TN: So you were living in the St. Louis area at the time?

GW: Yes. Belleville, Illinois to be exact. Right across the Mississippi river from St. Louis. My father relocated there from the east coast for business. When I was 16, I moved out there to live with him.

TN: The credits list a rather large technical crew for such a seemingly low-budget film. How many people were actually behind the camera at any given moment?

GW: Small crew. Very small. As in, Glen holding the camera and one other person holding a light or a bounce board. He probably had several people in on the post production end so the list grew substantially.

TN: Do you remember how much you were paid?

GW: I may have been paid a little, but it was mostly a labor of love. I was ecstatic to be starring in a film at the time.

TN: Did you keep any souvenirs? A piece of the costume, that sort of thing?

GW: I don't have anything today from the film so unless I gave it away, I don't believe I did.

TN: This was Glen Gruner's first and, at present, only directorial effort. What was he like to work with?

GW: He was fantastic. Very respectful. I remember he had this huge imagination and got very kid-like when explaining how he wanted a scene to go. It was important to him to keep the atmosphere on the set loose. When I say set, I should really say location, because as I recall, all my scenes were shot on location.

TN: What was your reaction after having seen the finished film for the first time?

GW: I thought it was a fun film. I didn't think it was going to win any awards.

TN: Was there ever a theatrical premiere or was this strictly a straight-to-video venture? What was the expectation for the film's performance?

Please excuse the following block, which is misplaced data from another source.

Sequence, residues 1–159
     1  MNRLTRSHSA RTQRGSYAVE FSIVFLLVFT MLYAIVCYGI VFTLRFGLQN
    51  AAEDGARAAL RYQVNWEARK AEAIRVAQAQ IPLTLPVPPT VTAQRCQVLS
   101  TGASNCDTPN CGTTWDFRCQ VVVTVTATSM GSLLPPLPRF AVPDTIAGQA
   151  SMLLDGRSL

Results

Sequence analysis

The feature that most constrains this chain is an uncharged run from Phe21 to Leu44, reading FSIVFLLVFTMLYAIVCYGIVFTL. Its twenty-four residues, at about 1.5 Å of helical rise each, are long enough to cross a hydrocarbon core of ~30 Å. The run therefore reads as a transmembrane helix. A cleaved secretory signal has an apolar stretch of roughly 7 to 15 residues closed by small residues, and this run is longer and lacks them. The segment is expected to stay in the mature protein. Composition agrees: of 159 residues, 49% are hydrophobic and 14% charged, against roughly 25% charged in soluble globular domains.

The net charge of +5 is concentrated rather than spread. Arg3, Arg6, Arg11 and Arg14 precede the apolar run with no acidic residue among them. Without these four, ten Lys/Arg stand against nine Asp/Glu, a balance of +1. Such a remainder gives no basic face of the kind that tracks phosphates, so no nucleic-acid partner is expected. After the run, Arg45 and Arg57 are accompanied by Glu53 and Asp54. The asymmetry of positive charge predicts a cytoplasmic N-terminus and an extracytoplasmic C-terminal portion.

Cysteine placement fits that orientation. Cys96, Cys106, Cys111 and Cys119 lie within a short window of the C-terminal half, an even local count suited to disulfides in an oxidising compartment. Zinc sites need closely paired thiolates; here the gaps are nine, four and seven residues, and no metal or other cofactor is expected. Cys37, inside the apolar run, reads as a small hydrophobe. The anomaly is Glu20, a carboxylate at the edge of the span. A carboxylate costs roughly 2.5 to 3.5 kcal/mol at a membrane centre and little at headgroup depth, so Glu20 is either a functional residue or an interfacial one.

GW: No theatrical premiere. Straight to video. I don't know what Glen's expectations were. He may have tried to find a distributor but I'm not certain.

TN: Have your friends and significant others seen the film? Do people ever ask you about it?

GW: Only family has seen it. Maybe a couple friends. Only since the internet revolution came about have I been occasionally asked about it, due to many segments of the film being on YouTube.

TN: How recently have you personally watched The Skid Kid and how do you feel about it today? And if it were to attain the kind of cult status that, for instance, Troll 2 has enjoyed, do you think that would that change the way you view the film?

GW: I haven't watched the film in many years. Only just recently because of this interview, my family and I watched a couple scenes online. I feel the same about it today as I did then. Fun for what it is but not in the category of exceptional filmmaking. Cult status would be fun, but I don't think it would change my view of the film.

TN: The Skid Kid isn't the only time you've worked professionally with your siblings -- you currently run a commercial production company, The Wolf Brothers, with your brother Michael. What's that experience been like?

GW: It's been amazing. We are developing our director's reel as we speak, writing and directing our own spots, furthering ourselves as commodities in the commercial production marketplace.

TN: One final question -- how exactly are Scooter and Steven Spielberg related?

GW: almost got me. Only Scooter and Steven know that. And that's the way we'll keep it.